I was very lucky that for most of my childhood I never wanted for anything. Although I didn’t know the extent of it at the time, that was solely due to sacrifices that my parents made for me. As I grew older I was more aware of it and have since always tried to live within my means and be content. The exposure of being in Canada for the last year and a half has given me new perspective. I’ve realized that ambition is not synonymous with greed; ambition is used to push boundaries and break stereotypes. This is what my Mum always wanted for me and my sisters – to keep raising the bar higher and to achieve financial independence.
Soon after my first full-time job I took a baby step towards financial confidence and independence: I started a budget. But achieving your goals doesn’t only come from being smart about saving your money; you also have to be smart about investing your money. Now, do you start with a TFSA or an RRSP? There are so many questions and while the best advice can only come from consulting a professional financial advisor (like Melissa Allen), I’ve broken down a few key details between a TFSA and an RRSP.
So… what are they?
TFSA – Tax Free Savings Account
This is a savings plan sponsored by the Canadian government where investments can grow tax-free. This means that you wouldn’t have to pay tax on any income and growth of those investments. The annual contribution limit is $5,500 each year. You can choose to have the money in your TFSA linked to investments like mutual funds, and you can draw money from it at any time.
RRSP – Registered Retirement Savings Plans
This is also a savings plan sponsored by the Canadian government. Anyone who has filed tax returns in Canada can contribute up to 18% of their earned income for the previous year up to the maximum ($26,010 for 2017) to an RRSP. A great benefit is that the investment into an RRSP is tax deductible which means the contributions are deducted from the income you earned that year, so you can look forward to a nice tax refund! The deadline for contributing to the tax filing year of 2017 is coming up on March 1st, so now is your time!
While investments are tax-sheltered within the RRSP, once they are withdrawn from it, you’ll have to pay taxes on it. The year you turn 71, you must close your RRSP and draw income from it by converting it to a Registered Retirement Income Fund (RRIF) or by buying an annuity. The main purpose of an RRSP is tax-deferred retirement savings, meaning that you’ll pay taxes at retirement, when your marginal tax rate may be lower.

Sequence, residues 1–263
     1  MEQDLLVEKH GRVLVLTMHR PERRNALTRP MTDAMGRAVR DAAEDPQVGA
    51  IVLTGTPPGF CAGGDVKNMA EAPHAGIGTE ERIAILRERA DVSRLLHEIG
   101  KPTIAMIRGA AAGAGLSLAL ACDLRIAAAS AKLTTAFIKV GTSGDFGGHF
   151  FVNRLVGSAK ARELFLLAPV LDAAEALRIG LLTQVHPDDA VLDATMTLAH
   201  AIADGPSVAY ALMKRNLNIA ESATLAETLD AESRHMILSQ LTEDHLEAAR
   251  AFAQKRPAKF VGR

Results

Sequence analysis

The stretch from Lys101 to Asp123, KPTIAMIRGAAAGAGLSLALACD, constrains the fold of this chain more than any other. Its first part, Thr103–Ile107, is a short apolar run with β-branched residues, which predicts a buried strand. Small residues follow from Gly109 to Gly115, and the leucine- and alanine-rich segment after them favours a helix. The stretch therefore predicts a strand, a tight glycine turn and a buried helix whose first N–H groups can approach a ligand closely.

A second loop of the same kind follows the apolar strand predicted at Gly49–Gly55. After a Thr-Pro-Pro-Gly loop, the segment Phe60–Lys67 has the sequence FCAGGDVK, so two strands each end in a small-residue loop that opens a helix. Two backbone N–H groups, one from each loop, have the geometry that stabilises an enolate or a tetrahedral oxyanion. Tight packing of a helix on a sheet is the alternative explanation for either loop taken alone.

So, who is it ideal for?
Both RRSPs and TFSAs are ideal for EVERYONE living in Canada, because we all need a nest egg—whether for retirement, or to save for big purchases and projects. A TFSA may be more suitable for you to start with if you plan on making smaller contributions and may need to draw this money ever so often.
Start by assessing your priorities. If you are still paying off debt (for example student loans, etc.) or your priority is saving for a car you may want to start with a TFSA. If your priority is saving for a home, invest in an RRSP so you can take advantage of the First-time Home Buyer’s Plan (note: that’s another discussion in itself!)
Remember that you don’t necessarily need to choose between the two. A good first step is a TFSA. An RRSP on its own is great, but a TFSA can be a fantastic complement. Anyone who has a Canadian SIN number and is 18 years old or older can open and contribute to a TFSA, and the annual contribution limit is $5500 a year. The main purpose of a TFSA is tax-sheltered savings.
When should I start?
Ideally, we should all start a TFSA as soon as we turn 18 and an RRSP as soon as we file a tax return from our very first job in high school, but often life doesn’t work that way. Between tuition, student debt, and establishing our careers, it can be hard to start saving immediately after becoming eligible.
The ideal time to start is as soon as you can afford to, even if it’s a small amount at first. The great thing is that unused contribution room can be carried forward indefinitely! In most cases, you can start contributing with as little as $25 a month to each plan. You can always increase your contribution amounts as you pay off student loans and other debt, receive any cash windfalls, and increase your income. Me personally, I started contributing to a TFSA soon after receiving my first full time job.
I was so nervous to even start the discussion of investments. If you’ve not started investing yet, what are some of the things holding you back? We’d love to know in the comments below.
Photo by Samantha Clarke